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Is In Vitro Maturation (IVM) a Better Alternative to IVF?

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March 7, 2013

Updated guidelines by the American Society for Reproductive Medicine (ASRM) say in vitro maturation (IVM) is a fertility treatment option for women who otherwise have a contraindication to in vitro fertilization (IVF), though the benefits and risks must be thoroughly considered. Because few babies have been born to date as a result of IVM and there is little data on the health outcomes of these children, ASRM considers IVM an experimental procedure that does not surpass the safety or efficacy of IVF.

IVM differs from IVF in that follicles are aspirated and eggs are retrieved before they have reached maturity. This can be done with or without the use of ovarian stimulation fertility drugs, though exposure to Human Chorionic Gonadotropin (hCG) is essential. Eggs are then matured in a medium within a laboratory setting. Kim Thornton, M.D. of Boston IVF explains: “[Eggs] are placed in a similar liquid that we use to grow embryos in routine IVF, however we also add in the hormones that they need to see before they can become ready to fertilize.” Traditional IVF involves the retrieval of mature eggs and is most often performed after fertility drugs have been used for ovarian stimulation.

IVM has been indicated for patients with Polycystic Ovarian Syndrome (PCOS) and those expected to develop Ovarian Hyperstimulation Syndrome (OHSS) with the use of ovarian stimulation drugs. It has also been an option for cancer patients looking to preserve their fertility before chemotherapy, or women with a history of tumors or other medical condition that should not endure elevated levels of estradiol (estrogen) for extended periods of time.

Eric Widra, M.D. of Shady Grove Fertility Center in Washington, D.C., says that despite these indications, very few fertility patients are candidates for IVM. “IVM was a way to get eggs from a woman without ovarian stimulation. Women at risk of ovarian hyperstimulation or women who needed to freeze their eggs urgently would have been candidates for IVM. But, other IVF techniques have developed that dramatically reduce the risk of OHSS and for patients with an urgent case, these IVF protocols make it so they can cycle immediately,” he says. Glenn Schattman, M.D., of The Ronald O. Perelman and Claudia Cohen Center for Reproductive Medicine at Weill Cornell Medical Center in New York City, agrees that IVM is not the most viable option for fertility patients. “If you look at the results, proper stimulation is critical for success. IVM tries to manipulate what should be happening in nature and much of the data that shows successful cases of IVM were only achieved when the patient had a mature egg retrieved simultaneously.” Instead, fertility doctors can work with patients to develop an IVF protocol that will provide the maximum chances of success with minimal risks.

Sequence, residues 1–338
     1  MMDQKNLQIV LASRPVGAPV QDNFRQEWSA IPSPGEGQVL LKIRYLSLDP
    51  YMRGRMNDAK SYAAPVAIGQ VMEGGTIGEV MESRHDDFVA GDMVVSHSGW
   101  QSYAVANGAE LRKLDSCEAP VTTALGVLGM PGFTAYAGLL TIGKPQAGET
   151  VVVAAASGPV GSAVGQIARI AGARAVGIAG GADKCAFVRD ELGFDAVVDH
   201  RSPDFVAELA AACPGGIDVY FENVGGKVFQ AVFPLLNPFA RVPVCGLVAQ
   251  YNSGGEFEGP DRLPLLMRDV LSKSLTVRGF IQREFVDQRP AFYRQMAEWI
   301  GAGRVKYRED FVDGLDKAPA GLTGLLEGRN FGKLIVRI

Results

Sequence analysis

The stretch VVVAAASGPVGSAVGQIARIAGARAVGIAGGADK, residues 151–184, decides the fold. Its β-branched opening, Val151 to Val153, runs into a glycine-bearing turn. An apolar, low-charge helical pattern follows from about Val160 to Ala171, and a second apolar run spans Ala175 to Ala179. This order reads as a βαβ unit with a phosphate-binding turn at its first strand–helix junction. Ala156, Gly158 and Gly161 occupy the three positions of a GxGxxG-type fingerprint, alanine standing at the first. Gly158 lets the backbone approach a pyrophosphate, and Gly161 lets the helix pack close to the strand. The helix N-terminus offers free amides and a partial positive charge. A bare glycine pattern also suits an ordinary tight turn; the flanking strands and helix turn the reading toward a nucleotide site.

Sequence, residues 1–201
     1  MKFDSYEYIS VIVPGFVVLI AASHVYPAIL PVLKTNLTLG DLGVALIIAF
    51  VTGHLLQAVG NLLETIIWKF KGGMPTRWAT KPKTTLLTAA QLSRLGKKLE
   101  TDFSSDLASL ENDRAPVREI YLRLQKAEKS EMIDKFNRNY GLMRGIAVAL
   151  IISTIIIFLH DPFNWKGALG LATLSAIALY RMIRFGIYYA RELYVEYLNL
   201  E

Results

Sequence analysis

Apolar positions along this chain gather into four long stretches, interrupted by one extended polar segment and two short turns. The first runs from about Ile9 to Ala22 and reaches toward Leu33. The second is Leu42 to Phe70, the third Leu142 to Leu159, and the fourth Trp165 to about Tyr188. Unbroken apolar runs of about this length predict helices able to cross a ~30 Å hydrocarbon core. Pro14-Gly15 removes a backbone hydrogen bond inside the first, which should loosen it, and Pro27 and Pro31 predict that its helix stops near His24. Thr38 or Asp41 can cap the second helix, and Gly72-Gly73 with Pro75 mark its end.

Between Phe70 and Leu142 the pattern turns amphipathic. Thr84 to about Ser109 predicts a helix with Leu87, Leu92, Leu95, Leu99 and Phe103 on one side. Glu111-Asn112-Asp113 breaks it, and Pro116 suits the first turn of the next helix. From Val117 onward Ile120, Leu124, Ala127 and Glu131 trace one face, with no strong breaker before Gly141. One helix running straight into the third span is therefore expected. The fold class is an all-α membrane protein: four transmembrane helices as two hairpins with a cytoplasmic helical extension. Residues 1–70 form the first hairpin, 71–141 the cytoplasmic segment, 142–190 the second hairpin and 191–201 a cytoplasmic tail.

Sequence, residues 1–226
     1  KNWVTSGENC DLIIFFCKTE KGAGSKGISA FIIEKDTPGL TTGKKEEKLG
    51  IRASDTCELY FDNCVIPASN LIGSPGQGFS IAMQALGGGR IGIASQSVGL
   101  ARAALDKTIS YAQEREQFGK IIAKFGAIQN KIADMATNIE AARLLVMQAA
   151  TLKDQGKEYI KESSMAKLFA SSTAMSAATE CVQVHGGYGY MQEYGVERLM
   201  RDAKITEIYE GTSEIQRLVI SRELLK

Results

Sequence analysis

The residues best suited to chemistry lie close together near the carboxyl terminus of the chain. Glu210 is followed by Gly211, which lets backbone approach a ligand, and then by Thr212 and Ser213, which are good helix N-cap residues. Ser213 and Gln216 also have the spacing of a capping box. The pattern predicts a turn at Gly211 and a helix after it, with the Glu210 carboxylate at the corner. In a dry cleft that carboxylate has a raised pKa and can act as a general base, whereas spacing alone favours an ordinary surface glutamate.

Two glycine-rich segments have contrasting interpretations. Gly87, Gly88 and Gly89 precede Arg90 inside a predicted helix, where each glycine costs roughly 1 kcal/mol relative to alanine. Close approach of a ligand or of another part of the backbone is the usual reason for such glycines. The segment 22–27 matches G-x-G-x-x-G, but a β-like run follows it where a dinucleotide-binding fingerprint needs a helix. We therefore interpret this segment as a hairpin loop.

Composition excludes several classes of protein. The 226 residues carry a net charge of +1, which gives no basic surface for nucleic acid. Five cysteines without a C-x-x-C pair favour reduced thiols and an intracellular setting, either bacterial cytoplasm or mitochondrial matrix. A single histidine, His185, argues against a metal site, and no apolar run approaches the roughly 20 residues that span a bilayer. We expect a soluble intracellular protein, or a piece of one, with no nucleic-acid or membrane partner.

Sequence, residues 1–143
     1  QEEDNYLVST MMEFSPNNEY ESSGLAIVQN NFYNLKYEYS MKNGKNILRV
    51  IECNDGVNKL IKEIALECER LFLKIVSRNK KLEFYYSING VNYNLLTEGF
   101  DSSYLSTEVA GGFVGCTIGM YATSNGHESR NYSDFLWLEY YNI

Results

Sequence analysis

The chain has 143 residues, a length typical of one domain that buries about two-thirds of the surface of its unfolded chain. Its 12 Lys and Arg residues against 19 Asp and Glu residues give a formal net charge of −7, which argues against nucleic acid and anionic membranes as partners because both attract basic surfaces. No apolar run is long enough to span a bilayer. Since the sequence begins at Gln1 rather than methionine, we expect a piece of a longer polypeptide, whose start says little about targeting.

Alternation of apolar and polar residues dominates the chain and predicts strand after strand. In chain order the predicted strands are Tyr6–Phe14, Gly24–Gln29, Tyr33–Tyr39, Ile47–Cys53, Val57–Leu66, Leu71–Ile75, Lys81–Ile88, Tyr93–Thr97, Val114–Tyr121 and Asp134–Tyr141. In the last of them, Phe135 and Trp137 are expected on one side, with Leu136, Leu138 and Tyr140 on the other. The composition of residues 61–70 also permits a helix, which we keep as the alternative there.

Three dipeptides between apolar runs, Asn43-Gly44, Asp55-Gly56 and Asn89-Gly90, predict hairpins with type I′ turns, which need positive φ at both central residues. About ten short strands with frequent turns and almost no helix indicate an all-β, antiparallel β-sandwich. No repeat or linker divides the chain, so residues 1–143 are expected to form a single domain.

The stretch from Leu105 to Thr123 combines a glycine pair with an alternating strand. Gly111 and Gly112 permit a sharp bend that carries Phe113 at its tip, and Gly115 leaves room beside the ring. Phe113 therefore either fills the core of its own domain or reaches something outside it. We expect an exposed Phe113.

Because of the low birth rates and sparse data, IVF is considered a stronger fertility therapy option that can be modified to treat most fertility patients. “Although it has been used quite extensively by some overseas clinics, it has not become widely used in the USA and is still treated as an experimental technique. The determination [of where attempting IVM is appropriate] should be considered depending on the patients’ clinical history and any prior experience with IVF,” says Thornton. Being that IVM is not widely practiced in the United States, there is little data to show it is a safe and effective alternative to traditional IVF. The decision to perform IVM should be made on a case by case basis where the benefits of IVM outweigh potential risks of modified IVF protocols.


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